It makes sense. As with anything difficult, the more focused practice you undertake, the better you’ll become. However the story is even more fascinating.
It turns out that statistically neither southpaws nor orthodox boxers are more successful. But both southpaw and orthodox boxers stood a better chance of winning against orthodox boxers than southpaws.
And to top it off, a greater proportion of the highest rated boxers are southpaw than you would expect.
“Performers with a left-orientation have a greater likelihood of obtaining elite levels of performance in many interactive sports.”
“the proportion of ‘lefties’ in the general population has remained stable over 10,000 years and the stability of this effect over time suggests some consistent advantage to being left-handed. otherwise evolutionary mechanisms would have removed this polymorphism from the population. Sport may reflect an environment where these advantages are demonstrated: for instance, left-handedness is associated with a greater likelihood of obtaining elite levels of performance in many interactive sports including baseball and tennis with significant over-representations of left-handed players at the highest levels of competition.”
Some of you might have noticed that there’s some kind of voting thing taking place in the US today. And as ever there’s a battle raging to mobilise supporters of both persuasions to get out today and vote since whoever gets the voters out, wins the election. It’s easier said than done. But’s it’s kind of the way things work…
But a couple of things to consider. Let’s start with Time Magazine’s Word of the Year for 2016, ‘Post-Truth’. We’ve already seen Twitter take action in deleting 10,000 bot accounts and Facebook has blocked, er, 115 accounts that were attempting to influence the results. But if all that is happening is that you are managing to get people out to vote who have been misinformed by fake news, then does that ultimately deliver us a better world?
Without going in over my head into the depths of political science, I did find this idea of continuous voting by Steve Randy Waldman fascinating. Part of the problem is that elections are predictable – you know they’re coming and that gives the power brokers the ability to attempt to manipulate the narrative by crafting a variety of high-profile and factually inaccurate media stories in the run-up which reflect favourably on a particular candidate.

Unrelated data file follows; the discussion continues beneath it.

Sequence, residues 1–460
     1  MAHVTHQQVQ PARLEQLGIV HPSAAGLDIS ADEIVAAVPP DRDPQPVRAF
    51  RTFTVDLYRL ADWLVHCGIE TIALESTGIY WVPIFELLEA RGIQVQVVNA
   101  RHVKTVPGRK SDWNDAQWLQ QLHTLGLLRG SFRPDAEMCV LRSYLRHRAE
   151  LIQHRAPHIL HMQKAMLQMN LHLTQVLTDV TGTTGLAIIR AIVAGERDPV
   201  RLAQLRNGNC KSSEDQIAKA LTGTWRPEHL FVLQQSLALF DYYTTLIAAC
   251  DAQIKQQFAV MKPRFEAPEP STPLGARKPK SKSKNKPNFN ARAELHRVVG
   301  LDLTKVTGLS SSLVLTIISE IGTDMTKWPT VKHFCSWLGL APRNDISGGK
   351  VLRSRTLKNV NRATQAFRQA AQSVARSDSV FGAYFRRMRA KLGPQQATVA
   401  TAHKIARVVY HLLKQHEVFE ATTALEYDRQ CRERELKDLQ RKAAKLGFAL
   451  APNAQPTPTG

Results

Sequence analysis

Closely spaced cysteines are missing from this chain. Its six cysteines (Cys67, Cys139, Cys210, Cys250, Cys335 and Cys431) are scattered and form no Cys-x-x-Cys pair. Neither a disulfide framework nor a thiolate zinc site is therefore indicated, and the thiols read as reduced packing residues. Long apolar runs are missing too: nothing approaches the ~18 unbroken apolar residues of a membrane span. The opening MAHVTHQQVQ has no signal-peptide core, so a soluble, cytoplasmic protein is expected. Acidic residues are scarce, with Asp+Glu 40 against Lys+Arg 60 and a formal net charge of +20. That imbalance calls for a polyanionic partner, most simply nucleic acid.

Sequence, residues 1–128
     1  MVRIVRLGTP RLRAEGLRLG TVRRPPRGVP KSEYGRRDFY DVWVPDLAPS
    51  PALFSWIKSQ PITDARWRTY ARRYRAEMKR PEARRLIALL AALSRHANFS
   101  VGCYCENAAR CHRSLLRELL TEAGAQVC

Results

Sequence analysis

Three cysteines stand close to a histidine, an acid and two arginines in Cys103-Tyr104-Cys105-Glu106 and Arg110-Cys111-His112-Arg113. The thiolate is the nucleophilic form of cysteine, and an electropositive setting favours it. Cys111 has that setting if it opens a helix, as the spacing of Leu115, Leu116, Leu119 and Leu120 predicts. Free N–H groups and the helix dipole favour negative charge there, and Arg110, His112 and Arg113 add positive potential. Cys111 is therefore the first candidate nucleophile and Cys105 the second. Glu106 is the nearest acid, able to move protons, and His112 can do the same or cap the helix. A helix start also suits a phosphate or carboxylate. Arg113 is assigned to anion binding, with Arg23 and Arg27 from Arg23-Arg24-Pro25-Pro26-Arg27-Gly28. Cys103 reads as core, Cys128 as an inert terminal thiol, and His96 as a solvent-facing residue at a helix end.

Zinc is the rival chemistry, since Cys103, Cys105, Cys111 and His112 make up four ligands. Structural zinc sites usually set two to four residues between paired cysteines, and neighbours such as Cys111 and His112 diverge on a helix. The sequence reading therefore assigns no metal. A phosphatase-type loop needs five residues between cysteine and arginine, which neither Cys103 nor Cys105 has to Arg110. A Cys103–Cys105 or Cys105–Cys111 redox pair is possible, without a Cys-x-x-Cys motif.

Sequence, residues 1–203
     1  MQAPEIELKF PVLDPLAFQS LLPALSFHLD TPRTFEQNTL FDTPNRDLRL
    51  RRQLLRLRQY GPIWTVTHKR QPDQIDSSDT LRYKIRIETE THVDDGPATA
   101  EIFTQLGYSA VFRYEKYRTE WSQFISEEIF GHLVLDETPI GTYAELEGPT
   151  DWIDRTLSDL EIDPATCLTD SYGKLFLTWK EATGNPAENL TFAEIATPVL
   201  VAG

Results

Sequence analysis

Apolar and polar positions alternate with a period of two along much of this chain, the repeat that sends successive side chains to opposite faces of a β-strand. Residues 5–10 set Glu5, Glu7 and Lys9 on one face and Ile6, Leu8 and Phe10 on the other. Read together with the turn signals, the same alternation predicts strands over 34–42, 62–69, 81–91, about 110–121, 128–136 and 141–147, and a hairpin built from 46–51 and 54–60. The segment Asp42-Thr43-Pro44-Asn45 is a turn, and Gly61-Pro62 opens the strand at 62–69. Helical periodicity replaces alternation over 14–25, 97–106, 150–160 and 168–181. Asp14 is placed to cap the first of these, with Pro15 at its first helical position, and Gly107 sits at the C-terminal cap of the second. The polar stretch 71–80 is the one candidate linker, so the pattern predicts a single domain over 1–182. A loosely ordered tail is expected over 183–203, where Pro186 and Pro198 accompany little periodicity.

This thought experiment suggested having 5% of the electorate vote each month on candidates; then the results of such elections only being delivered according to the random flip of a virtual coin resulting in heads. Put simply: no politician knows when he or she may be replaced, which encourages each one to work with his or her constituency to provide value over the long terms, rather than focusing on the more superficial ‘marketing sprints’ that we tend to see in democracies around the world these days near election time.
Last week Bitcoin celebrated its 10th anniversary. At least in terms of the original White Paper which was released all the way back on October 31st 2008. Of course, there’s a strong argument that the date of the Genesis Block is the true birthday – but that doesn’t really matter for these purposes.
The Lindy Effect is a simple heuristic that states the longer something has survived, the more likely it is to survive for at least the same period of time again. So the rate of mortality actually decreases with each additional year of life passed. Taleb has a good post explaining the concept in some detail but this quote sums it up nicely:-
“If a book has been in print for forty years, I can expect it to be in print for another forty years. But, and that is the main difference, if it survives another decade, then it will be expected to be in print another fifty years.”
“This, simply, as a rule, tells you why things that have been around for a long time are not “ageing” like persons, but “ageing” in reverse. Every year that passes without extinction doubles the additional life expectancy. This is an indicator of some robustness. The robustness of an item is proportional to its life!”
It seems to me that Bitcoin as a non-perishable technology is a prime candidate for the Lindy Effect. And in surviving a decade without collapse or fatal security flaw, the signs are good that it very well still by the time October 2028 rolls around.
(As an aside, I’ve just realised I’ve been writing about Bitcoin since 2013. 5 years ago. Does that mean I’ll still be writing about it in 5 years’ time?! I suspect so. Not sure that can be said to qualify as the Lindy Effect though…)